Server.py

import socket
import time

s = socket.socket(socket.AF_INET, socket.SOCK_STREAM, 0)
print "Socket Created..."
s.bind((str(socket.INADDR_ANY), 2609))
print "Socket bound to INADDR_ANY with port 2609..."
s.listen(5)
print "Socket listening for connections..."
print "Waiting for client to connect..."
(c, remote_addr) = s.accept()

print "Connection From" + str(remote_addr) + " accepted"
rec = 'pppppppppppppppppp'

print 'rec = ' + rec               #Properly prints the initialized string
print 'lenght is ' + str(len(rec)) #prints length = 18
print "Receiving Data..."
leng = c.recv(2)
print "Data received..."
print leng                         #Does not print Anything

rec = c.recv(1024)

print rec                          #Does not print Anything

print 'lenght is ' + str(len(str(rec)))  #Length is 0
c.close()
print "Client socket closed..."
s.close()
print "Server Socket closed..."

Output

% python Server.py
Socket Created...
Socket bound to INADDR_ANY with port 2609...
Socket listening for connections...
Waiting for client to connect...
Connection From('192.168.43.7', 39100) accepted
rec = pppppppppppppppppp
lenght is 18
Receiving Data...
Data received...


lenght is 0
Client socket closed...
Server Socket closed...

Answer:

As the rest of your code on the sende side is unknown, I cannot identify the problem for sure, but there may be two possible reasons I can imagine:

Sender side

You use the code as stated in your link. If you do not receive anything, this may indicate that the OutputStream is bufferedand nothing is send, yet, although you called write(...). Try to flush() it and see if you receive something.

Receiver side

In Python 3 recv returns a bytes object as stated in the documentation:

The return value is a bytes object representing the data received.

In Python 2, you get a string, as stated in the documentation:

The return value is a string representing the data received.

Now, as you send your strings from a Java client, which encodes in UTF-8, you should decode the bytes or string again at the receiver side with data.decode('utf-8') to get a Unicode string.

Question:

I have a TCP connection between a Java server and Python Client. when 'q' is sent from any to the other connection must be closed. It works when I send 'q' from python to java. However, when I sent 'q' from java to python it does not work. I tried typecasting but no use.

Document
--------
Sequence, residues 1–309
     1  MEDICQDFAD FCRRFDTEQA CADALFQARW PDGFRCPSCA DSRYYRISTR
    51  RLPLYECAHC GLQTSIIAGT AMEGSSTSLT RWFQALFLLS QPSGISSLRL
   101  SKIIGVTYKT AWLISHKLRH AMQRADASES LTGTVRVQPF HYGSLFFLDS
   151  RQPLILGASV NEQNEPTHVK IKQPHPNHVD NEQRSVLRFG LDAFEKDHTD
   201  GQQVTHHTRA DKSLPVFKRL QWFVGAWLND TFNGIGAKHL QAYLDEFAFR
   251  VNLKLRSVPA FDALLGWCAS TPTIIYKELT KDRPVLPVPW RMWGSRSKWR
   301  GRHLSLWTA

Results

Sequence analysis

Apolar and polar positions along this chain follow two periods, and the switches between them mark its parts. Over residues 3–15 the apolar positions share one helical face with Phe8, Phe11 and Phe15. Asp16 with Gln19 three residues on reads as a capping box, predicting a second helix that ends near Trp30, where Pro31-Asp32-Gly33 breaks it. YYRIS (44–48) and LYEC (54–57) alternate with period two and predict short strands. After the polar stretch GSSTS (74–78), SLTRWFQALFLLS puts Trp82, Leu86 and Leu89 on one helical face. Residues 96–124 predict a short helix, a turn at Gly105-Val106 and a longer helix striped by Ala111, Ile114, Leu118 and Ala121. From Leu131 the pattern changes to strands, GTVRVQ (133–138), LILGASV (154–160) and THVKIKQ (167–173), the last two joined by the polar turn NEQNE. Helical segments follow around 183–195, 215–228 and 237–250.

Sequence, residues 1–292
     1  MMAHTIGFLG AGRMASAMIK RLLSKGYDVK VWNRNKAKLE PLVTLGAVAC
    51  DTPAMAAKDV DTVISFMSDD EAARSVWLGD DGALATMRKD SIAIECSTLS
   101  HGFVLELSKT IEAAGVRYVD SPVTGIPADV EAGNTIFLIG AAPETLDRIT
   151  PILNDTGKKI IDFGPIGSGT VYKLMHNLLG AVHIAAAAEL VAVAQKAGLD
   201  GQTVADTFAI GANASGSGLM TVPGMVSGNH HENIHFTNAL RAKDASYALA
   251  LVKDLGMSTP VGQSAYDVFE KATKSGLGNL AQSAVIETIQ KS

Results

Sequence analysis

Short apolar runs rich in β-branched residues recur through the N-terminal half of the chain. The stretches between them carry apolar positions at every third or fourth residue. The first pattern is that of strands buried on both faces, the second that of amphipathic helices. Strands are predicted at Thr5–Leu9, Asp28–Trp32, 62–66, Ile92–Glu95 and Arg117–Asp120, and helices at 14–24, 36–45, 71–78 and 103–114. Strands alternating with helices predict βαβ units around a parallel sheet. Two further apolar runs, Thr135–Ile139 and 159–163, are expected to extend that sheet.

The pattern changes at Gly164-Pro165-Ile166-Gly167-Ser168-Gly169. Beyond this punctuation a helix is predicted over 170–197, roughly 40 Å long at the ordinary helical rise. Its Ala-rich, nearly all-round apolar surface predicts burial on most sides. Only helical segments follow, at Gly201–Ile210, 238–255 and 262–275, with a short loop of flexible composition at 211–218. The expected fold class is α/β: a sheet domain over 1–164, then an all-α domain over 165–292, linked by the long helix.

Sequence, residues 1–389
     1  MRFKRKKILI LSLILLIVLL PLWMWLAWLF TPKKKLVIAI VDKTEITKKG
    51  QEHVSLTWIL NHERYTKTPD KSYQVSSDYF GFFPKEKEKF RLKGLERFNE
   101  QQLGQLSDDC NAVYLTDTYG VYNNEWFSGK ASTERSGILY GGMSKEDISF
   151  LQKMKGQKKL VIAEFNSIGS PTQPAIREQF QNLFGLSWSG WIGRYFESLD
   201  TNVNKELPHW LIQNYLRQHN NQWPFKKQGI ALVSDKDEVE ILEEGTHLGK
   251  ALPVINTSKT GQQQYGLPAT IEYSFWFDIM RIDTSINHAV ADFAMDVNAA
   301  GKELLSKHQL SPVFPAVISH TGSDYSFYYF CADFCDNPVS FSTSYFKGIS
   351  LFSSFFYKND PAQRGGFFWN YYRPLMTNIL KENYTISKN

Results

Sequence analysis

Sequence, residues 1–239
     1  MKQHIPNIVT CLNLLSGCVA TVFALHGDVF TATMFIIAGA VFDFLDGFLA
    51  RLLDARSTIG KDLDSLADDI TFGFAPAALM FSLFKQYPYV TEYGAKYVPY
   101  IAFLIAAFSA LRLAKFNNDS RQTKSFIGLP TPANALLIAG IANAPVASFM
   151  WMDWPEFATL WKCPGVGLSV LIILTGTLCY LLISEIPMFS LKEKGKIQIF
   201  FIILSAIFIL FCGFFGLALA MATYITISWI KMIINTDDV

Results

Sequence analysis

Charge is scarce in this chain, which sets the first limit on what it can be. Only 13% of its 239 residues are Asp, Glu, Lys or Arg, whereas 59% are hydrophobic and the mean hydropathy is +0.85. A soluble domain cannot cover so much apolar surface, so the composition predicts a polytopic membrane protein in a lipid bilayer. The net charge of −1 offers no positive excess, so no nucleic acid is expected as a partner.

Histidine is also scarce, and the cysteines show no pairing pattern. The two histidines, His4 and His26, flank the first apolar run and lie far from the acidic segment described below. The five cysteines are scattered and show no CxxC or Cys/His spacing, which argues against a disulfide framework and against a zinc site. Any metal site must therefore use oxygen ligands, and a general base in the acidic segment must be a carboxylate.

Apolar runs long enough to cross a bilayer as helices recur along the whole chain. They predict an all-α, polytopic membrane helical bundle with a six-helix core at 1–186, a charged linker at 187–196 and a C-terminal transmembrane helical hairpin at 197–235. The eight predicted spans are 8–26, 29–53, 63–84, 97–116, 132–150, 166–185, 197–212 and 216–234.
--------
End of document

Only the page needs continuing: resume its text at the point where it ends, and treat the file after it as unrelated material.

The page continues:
Java Server:

public class Sender {

public static void main(String[] args) throws IOException {
    String fromclient;

    ServerSocket Server = new ServerSocket(25000);

    System.out.println("TCPServer Waiting for client on port 25000");

    while (true) {
        Socket connected = Server.accept();
        System.out.println(
                " THE CLIENT" + " " + connected.getInetAddress() + ":" + connected.getPort() + " IS CONNECTED ");

        PrintWriter out = new PrintWriter(connected.getOutputStream(), true);
        Scanner sc = new Scanner(System.in);


        while (true) {
            String input = sc.nextLine();
            out.println(input);
        }
    }

}

}

Python Client:

client_socket = socket.socket(socket.AF_INET, socket.SOCK_STREAM)
client_socket.connect(("localhost", 25000))
while True:
    r, _, _ = select.select([client_socket], [], [])
    if r:
        data = client_socket.recv(4096)
        string_data = data.decode('utf-8')
        print str(string_data) == 'q'
        if str(string_data) == 'q' or string_data == 'Q':
            print ('Connection closed')
            client_socket.close()
            break
        else:
            print (string_data)

The statement print str(string_data) == 'q' always returns false


Answer:

You need to change your Java server code from out.println(input) to out.print(input). Add also an out.flush() to force that the data are send immediately not only after the buffer is filled.

println - would also send the linebreak to the client

With print it works as expected.

edit Some additonal. In such a case it helps on the Python client to print out the bytes in data.

Amend the Python client code as

data = client_socket.recv(4096)
for i in bytearray(data):
    sys.stdout.write(hex(i) + " ")
print

Assumed input on Java is q+ENTER. See below the output on the Pathon client side.

using on Java server side out.println

0x71 0xd 0xa
False
q

using on Java server side out.print

0x71
True
Connection closed

That way it's easy to spot the additional bytes (0xd 0xa) which were sent to the client.

Question:

I have a Python server and a java client. when a string is sent from java to python, it's not complete. Example:

Java Code Sending: Helloooooooooo

Recieved in Python as:

he

lloooooooo

oo

here are the codes

Python server:

import socket

sock = socket.socket(socket.AF_INET, socket.SOCK_STREAM)

server_address = ("localhost", 10000)
print 'starting up on %s port %s' % server_address
sock.bind(server_address)

sock.listen(5)

while True:
     print 'waiting for a connection'
     connection, client_address = sock.accept()

     try:
         print 'connection from', client_address

         while True:
             data = connection.recv(1024)
             print 'received: ' + data
             print type(data)
             if data:
                 print 'sending data back to the client'
                 connection.sendall(data)
             else:
                 print 'no more data from', client_address
                 break

     finally:
         connection.close()

Java Client:

package server;

import java.io.*;
import java.net.*;

class Reciever_test {
 public static void main(String args[]) throws Exception {
        String sentence;
        String modifiedSentence;
        BufferedReader inFromUser = new BufferedReader(new InputStreamReader(System.in));
    Socket clientSocket = new Socket("localhost", 10000);